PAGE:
For a match that boasted five goals there was a real lack of goalmouth action – the home crowd and players were most certainly just going through the motions in the first of three hindrances before the big one on May 12. The players that came in did enough to justify Hodgson’s decision to rest many of his starters, but this writer expects several more first-teamers to face Stoke tomorrow night – almost two weeks without playing a game of football having had to start two almost every week since the end of July would probably end up being detrimental to the team who are running on pure adrenaline. With that in mind, those first-teamers who didn’t start against West Ham should do so against Stoke, with the exception of Bobby Zamora whose fitness Cottagers fans will be sweating on until they hear the line-up in the Nordbank Arena. After last Thursday’s unforgettable European semi-final, Fulham fans could be forgiven for not knowing where Sunday’s victory put them in the league – 10th – and nor do they, with survival having been assured long ago, care much for anything other than following their players to the 19th game on this incredible journey.
Unfortunately for a side needing to retain match sharpness and still avoid picking up knocks that could keep them out of the biggest game of their career, Tony Pulis’ outfit is the last team anyone would want to face. Already Stoke have claimed the blood of Zamora in January’s league match – a quite shocking tackle from Abdoulaye Faye from which the England hopeful dislocated his collar bone, and their record against other Premier League clubs this season is only too well known. The fact is Hodgson will look to play a strong team against either Stoke or Arsenal, and the dilemma is choosing between which one is the best practice for Atletico Madrid – probably the Gunners for the flair they have available – and which one will leave enough time for recovery ahead of the final, with Sunday’s Emirates fixture a little too close for comfort to Wednesday night. Of course Hodgson, as he so frequently does, will utilise his squad as he sees best, and the Cottage faithful can rest assured they have one of the best possible leaders to prepare Fulham for their biggest match in history.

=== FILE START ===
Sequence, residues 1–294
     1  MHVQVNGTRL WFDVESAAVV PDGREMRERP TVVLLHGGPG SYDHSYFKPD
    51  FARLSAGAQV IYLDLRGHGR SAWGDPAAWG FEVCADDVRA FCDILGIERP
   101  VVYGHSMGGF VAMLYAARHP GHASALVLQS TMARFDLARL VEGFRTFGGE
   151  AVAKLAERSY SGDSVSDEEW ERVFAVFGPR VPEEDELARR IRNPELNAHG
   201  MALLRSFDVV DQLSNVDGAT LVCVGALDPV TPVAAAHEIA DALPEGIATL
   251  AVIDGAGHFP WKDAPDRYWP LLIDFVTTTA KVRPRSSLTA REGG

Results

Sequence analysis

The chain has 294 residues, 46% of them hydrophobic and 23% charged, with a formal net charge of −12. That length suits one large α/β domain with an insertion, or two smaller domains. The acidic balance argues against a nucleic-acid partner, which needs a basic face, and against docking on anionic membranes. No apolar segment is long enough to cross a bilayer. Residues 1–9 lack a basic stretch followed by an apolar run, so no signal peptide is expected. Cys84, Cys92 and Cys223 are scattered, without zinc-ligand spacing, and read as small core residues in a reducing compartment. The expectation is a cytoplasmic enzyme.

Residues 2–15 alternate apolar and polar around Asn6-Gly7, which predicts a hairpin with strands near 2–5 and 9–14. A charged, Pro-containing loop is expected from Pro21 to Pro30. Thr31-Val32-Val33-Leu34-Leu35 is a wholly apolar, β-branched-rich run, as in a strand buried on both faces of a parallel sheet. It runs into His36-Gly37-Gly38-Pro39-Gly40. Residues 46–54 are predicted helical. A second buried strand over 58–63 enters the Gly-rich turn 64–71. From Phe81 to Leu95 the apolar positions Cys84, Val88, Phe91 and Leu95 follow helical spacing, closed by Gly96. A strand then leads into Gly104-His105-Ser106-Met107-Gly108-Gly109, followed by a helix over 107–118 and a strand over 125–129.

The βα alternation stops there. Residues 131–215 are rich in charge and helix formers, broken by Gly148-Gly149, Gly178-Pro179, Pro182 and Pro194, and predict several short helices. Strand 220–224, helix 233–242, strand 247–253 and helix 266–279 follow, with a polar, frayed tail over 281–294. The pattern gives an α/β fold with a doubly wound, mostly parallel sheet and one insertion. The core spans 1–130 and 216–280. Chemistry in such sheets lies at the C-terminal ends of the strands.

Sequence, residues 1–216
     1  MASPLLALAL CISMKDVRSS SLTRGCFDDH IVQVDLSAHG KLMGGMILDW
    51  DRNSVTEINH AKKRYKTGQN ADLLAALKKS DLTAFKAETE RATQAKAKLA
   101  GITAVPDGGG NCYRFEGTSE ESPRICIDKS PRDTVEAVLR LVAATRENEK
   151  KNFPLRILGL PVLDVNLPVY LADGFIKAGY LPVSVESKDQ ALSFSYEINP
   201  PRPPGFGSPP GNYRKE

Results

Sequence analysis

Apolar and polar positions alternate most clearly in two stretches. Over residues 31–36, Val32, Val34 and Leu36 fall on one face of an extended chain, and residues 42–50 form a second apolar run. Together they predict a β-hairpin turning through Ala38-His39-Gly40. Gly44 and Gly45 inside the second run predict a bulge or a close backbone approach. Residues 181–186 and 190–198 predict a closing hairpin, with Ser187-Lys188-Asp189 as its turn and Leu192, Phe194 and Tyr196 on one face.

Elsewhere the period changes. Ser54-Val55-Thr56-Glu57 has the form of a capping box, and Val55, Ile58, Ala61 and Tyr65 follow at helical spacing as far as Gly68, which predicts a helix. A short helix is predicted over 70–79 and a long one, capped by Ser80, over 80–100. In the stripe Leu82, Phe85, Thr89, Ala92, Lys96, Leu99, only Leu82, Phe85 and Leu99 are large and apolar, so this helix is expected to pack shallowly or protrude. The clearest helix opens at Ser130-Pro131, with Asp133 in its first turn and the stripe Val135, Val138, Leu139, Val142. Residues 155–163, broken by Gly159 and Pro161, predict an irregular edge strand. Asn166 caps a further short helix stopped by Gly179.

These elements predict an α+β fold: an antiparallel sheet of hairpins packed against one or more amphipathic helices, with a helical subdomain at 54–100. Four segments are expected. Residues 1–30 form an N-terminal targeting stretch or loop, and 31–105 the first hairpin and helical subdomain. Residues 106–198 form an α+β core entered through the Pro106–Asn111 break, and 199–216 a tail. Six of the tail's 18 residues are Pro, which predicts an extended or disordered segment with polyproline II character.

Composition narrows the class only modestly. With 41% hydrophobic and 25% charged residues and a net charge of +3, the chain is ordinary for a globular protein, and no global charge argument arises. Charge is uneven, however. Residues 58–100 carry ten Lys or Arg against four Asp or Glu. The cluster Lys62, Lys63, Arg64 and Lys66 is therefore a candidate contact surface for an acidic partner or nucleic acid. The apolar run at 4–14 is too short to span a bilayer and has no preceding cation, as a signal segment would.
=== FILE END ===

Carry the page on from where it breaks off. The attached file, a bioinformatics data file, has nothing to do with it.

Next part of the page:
Organisation has been the key to this season’s European success, and the reward most likely is a place in next year’s competition. (Fulham currently sit top of the English fair play league and England sit third overall, which means, barring some stupid sendings off over the remaining fixtures, the Whites will again be representing England next year whether they win or not). It would have been easy for the players last Thursday to panic after Hamburg’s opener and to go for broke too early, but, and this is thanks to the manager, they kept their shape, kept structured and kept on playing football. Their just rewards followed in the euphoric seven-minute spell in which Simon Davies and Zoltan Gera took the roof of the Cottage. For the Whites to have any chance against a technically proficient Atletico side, every player must remember what to do. And with Hodgson in the dressing room, there is little doubt they will once again prove a very tough nut to crack indeed. And one of the toughest individual nuts in the side, Zamora, will be doing his utmost to make sure he is leading the line next Wednesday.
With Zamora still being touted to Fabio Capello for inclusion in the World Cup just six weeks away, maybe, just maybe, as the Hamburg fans so eloquently put it last Thursday, football is indeed coming home – to London’s oldest club. Has there been an English side in a European final that has the best wishes of almost every fan nationwide? Probably not, but whatever happens, the Whites (or Blues, going by the ghastly kit for the final) have done the country proud.